Comments Posted By Johnmonkey
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Colbert is no funnier than Jon Stewart. Sit and read one of Stewart's books for a half-hour, and try calling him funny.

I must admit that I don't have cable -- is there anything funny on Comedy Central but South Park?

Comment Posted By Johnmonkey On 2.05.2006 @ 18:17


Publius - You echo a lot of the commentary that I've seen, that one Should Like This Movie, for various reasons. I either like it or I don't, and I have good reasons not to, in spite of the fact that there were bad reasons for Greengrass's doing what he did.

Comment Posted By Johnmonkey On 2.05.2006 @ 18:02

United 93 sucked, and I want my money back.

First of all, someone has said that "You don't 'review' this film if you have an ounce of soul left to you.  You watch it."  Pardon my soullessness, which I suppose is attested to by my dislike of Schindler's List.

The movie opens in a hotel room(s?) of the four Islamofascists.  They are troubled and angsty, reading their little god book, praying on their mats, and shaving their torsos.  That's as deep a picture of them that we get.  No arrogance of self-assuredness, and no night-before strip club.  (Remember that?)  If they have any motivation, we're not given an indication of that.

There's not much action on United 93 during the first part of the movie, in spite of the fact that there's quite a bit of footage of it.  Most of the action takes place in different control rooms.  There's a military control room, where the day begins with a planned NORAD exercise.  Once the military is interested, the guy in charge yells at one man after another to "light up all the blips" for one suspected airplane after another, while the guy in charge of him tries to get someone to okey-dokey shooting down planes.  There are two air traffic control rooms, where the men track planes and wonder why someone doesn't do something about this situation.  The guy in charge is played by his real-life self, and (surprise!) is shown doing everything that he should have done.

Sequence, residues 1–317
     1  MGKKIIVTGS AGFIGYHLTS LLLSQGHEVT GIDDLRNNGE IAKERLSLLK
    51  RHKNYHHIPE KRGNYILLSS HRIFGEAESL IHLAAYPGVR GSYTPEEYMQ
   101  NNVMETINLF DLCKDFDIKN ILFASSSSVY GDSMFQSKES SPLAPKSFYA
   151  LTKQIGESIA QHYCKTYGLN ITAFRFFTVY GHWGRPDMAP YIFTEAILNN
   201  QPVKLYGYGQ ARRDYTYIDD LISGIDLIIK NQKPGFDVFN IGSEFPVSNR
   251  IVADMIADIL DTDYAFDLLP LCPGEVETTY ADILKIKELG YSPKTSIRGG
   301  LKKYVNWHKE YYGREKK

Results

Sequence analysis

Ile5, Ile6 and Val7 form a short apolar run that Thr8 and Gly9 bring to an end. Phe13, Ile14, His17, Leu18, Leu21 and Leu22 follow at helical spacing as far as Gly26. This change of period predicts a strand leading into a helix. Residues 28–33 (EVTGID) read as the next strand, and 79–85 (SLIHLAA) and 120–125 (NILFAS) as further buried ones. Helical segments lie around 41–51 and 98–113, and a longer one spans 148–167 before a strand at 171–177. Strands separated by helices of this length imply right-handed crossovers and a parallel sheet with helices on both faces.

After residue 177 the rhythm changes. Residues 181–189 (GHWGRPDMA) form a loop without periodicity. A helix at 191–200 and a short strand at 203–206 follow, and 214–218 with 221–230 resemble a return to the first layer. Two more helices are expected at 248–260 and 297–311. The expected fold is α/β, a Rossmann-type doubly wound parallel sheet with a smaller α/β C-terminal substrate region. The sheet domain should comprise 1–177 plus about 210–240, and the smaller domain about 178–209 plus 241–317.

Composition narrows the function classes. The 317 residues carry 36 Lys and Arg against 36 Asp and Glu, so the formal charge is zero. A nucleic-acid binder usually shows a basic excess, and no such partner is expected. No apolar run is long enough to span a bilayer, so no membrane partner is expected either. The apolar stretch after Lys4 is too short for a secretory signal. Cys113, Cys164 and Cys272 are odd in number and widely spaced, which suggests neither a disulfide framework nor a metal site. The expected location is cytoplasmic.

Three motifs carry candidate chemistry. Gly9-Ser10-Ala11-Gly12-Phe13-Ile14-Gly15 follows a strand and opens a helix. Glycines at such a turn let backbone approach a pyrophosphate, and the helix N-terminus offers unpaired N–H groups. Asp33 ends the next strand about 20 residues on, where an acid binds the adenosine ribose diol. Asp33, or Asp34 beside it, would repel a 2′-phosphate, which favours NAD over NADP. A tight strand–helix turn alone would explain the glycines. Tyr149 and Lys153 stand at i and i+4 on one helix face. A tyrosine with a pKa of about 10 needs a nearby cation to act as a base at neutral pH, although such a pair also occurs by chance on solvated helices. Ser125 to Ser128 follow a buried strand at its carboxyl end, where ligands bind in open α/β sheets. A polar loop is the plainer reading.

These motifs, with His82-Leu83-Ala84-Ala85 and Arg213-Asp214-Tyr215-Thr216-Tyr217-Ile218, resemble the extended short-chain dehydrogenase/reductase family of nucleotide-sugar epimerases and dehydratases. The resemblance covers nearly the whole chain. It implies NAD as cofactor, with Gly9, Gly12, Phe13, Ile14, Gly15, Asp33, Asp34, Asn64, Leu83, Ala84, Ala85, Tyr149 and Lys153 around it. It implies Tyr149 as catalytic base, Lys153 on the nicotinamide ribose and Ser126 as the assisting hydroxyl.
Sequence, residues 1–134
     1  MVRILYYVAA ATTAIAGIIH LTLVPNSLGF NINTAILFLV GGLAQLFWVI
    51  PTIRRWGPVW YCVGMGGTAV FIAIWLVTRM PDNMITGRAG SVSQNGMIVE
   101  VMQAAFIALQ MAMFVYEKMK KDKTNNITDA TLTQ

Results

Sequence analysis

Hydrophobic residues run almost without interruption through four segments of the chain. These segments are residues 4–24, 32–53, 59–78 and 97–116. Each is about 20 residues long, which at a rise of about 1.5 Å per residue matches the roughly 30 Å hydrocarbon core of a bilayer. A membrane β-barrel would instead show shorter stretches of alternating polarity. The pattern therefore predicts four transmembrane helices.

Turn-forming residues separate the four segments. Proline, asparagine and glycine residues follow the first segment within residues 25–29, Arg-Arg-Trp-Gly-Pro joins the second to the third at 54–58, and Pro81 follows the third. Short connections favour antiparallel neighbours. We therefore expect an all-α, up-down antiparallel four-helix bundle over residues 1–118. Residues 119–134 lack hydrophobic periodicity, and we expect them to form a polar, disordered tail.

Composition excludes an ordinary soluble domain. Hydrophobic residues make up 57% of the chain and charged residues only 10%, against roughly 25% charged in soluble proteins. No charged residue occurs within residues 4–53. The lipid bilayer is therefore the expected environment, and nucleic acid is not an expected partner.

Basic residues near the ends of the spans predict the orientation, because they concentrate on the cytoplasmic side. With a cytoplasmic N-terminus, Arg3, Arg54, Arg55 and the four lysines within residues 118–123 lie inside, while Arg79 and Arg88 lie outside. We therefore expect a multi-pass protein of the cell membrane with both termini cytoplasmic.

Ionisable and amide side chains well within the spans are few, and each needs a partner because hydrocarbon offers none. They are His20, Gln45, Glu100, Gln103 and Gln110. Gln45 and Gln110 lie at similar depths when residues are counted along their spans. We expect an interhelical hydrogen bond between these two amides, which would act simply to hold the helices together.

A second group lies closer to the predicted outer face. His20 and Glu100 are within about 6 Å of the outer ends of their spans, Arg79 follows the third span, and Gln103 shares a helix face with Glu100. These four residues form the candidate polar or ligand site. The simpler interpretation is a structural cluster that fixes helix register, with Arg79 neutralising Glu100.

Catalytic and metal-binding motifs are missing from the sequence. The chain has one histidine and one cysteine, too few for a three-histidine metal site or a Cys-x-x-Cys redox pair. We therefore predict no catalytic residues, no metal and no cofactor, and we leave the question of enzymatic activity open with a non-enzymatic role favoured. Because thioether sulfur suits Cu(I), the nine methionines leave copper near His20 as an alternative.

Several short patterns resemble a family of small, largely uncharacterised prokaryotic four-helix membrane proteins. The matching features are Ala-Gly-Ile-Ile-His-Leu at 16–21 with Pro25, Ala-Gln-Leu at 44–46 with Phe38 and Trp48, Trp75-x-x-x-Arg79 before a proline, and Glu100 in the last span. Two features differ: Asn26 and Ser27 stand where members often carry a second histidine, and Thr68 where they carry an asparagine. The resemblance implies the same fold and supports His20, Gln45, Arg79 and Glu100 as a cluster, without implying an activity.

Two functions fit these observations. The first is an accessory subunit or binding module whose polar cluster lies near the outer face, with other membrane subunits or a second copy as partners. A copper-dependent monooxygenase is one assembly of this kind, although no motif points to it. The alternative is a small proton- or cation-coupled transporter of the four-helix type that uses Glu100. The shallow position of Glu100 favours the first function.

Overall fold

Once things start on United 93, the (in)action on the ground is forgotten.  Of course, the passengers find out by calling the ground that they're not a hijacked plane but a guided missile.  They quickly resolve to attack the Islamofascists and take control of the plane.  After resolving this, they wait for ten or so minutes, while the people call home and sob and cry and you dear viewer get to watch.  This unbelievable drawing things out continues after they start the attack, where they all pause to beat up one of the fascists instead of some doing so while the rest go on to take back the plane -- even though they've thoroughly talked over how very necessary that is.

Having dispatched the first fascist, they rush the second, who holds them off with cart, mace, fire extinguisher, and knife, while the plane plummets and jerks, throwing everyone around and drawing things out even more.  After a bit, Number Two is put out of the way.  Then there's a long attempt to get through the cabin door.  For some reason, the plane is still in the air for this to be achieved, and for everyone to claw at the last two.  Finally, everyone is put out of their misery.

I believe I can call this a snuff film because the action on the plane is so unnecessarily and unrealistically prolonged.  I didn't actually yell out, "Get on with it!," but I was inspired to a few times.

One of my fellow viewers had to bail out early on because the movie made him sick.  Not from the story or the emotions, but because all the cameras film fairly close up and constantly jerk around.  You might think, though I wouldn't, that this would be fine when the passengers are rushing the fascists, but it is done all the time, even in a boring staff meeting of traffic controllers.  The cinematography works against the movie throughout all of it.

Any inspiration, resolve, respect, patriotism, that I left this film with, I brought into it with me.  Sorry, I thought it was crap.  Crap on ice.

Comment Posted By Johnmonkey On 1.05.2006 @ 04:30

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